I didn’t learn about race until I started school, so in my mind I wasn’t Indigenous, I was just black.
Growing up and attending school in the 1960s and ’70s, I had always been told I’d never amount to anything. As my life progressed, I found it easier to spend time with people who drank every day because it didn’t matter what you said; no one was going to remember it anyway.
My response to everything was, “I don’t know.” Nobody cared. I was always overlooked because of my colour and lack of intelligence, or because I didn’t fit the ‘norm’. By this stage I was a closet drinker, but I would often think, “There must be more to life than drinking ... surely this is not why I am here.”
I told a friend’s parents — church-going people — that I needed help. They took me to The Salvation Army William Booth rehab centre in Surry Hills, Sydney. It was 1984 and I was 20 years old.
In rehab, I had to learn to develop relationships that were meaningful. I spent two years at William Booth and Selah (a Salvation Army rehabilitation centre on the NSW Central Coast). That time gave me the ability to make something lasting rather than something in the wind. It taught me a lot about myself and what I could do.
When you’re an alcoholic or addict, you tend to blame God for everything — even if you’re not a practising Christian, or you’re an atheist or agnostic. Over the years I have learnt it was not God who left me, but I who left God.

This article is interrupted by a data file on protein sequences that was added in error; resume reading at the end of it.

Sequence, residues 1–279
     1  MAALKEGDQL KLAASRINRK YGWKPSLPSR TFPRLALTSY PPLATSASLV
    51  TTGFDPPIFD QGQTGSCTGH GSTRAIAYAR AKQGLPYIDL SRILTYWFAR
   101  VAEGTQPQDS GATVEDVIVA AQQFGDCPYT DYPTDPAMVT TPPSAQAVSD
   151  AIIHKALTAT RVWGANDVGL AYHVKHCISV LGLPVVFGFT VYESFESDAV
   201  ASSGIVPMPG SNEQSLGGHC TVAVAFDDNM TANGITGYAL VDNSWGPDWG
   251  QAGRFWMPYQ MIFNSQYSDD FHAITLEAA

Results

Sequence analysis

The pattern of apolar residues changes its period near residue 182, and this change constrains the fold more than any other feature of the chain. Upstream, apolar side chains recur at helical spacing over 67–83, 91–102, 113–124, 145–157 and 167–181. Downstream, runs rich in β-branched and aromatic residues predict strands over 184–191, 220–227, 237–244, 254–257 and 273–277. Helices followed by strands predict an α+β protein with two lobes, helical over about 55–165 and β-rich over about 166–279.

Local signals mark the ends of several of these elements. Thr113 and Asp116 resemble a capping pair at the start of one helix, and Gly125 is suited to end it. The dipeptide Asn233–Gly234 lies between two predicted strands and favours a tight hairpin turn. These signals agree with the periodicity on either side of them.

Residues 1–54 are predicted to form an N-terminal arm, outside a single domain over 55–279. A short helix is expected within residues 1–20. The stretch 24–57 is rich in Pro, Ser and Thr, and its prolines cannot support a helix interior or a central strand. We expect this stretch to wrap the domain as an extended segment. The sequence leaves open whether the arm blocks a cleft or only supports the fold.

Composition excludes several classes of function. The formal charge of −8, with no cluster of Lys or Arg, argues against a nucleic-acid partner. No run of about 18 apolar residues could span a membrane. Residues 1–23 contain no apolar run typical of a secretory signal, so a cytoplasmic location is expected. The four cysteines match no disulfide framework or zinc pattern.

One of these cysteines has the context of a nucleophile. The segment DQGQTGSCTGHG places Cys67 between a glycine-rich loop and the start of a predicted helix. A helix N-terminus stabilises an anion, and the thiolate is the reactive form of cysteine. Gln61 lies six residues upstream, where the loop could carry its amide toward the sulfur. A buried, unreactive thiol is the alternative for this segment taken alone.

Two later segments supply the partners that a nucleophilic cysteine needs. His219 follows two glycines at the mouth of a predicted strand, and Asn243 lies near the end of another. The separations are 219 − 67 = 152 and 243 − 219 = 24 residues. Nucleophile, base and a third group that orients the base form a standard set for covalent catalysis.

I now have the ‘weirdest’ relationship with God because of the 12-step Bridge Program I did in rehabilitation. I have learned to be obedient, and it’s really hard to be obedient when you don’t want to be! I have learned that God is patient, he is loving, he is kind, and they are things I need.
One of the things about being Indigenous is that the wind and trees give me proper connectedness to God as I understand him. The breeze is slow when I am connected to God, but the trees sway frantically when I am chaotic. If I didn’t have a healthy relationship with God I still would have nothing and be no one. Even when things get hard and I want to run, I have to remember not to; that running is not an option anymore.
The Salvation Army has been a cornerstone for me. When things get tough, I go back, refocus and regroup. The Salvos have always been there and laid a solid foundation for me. It is still my safe place when life gets tough.
I now do a lot of street ministry (outreach work) at the Queen Victoria Market in Melbourne. My constant prayer is to hear people’s hearts. I’ve learned very much that I’m just an instrument. God always meets people where they are at and that’s why I like doing this ministry — I’m no different to the people I meet.
I learned very early in my recovery that God is doing for me what I could not do myself. He died so I could have life more abundantly.
Anni was named Westlakes Elder of the Year 2019 to coincide with NAIDOC Week this month.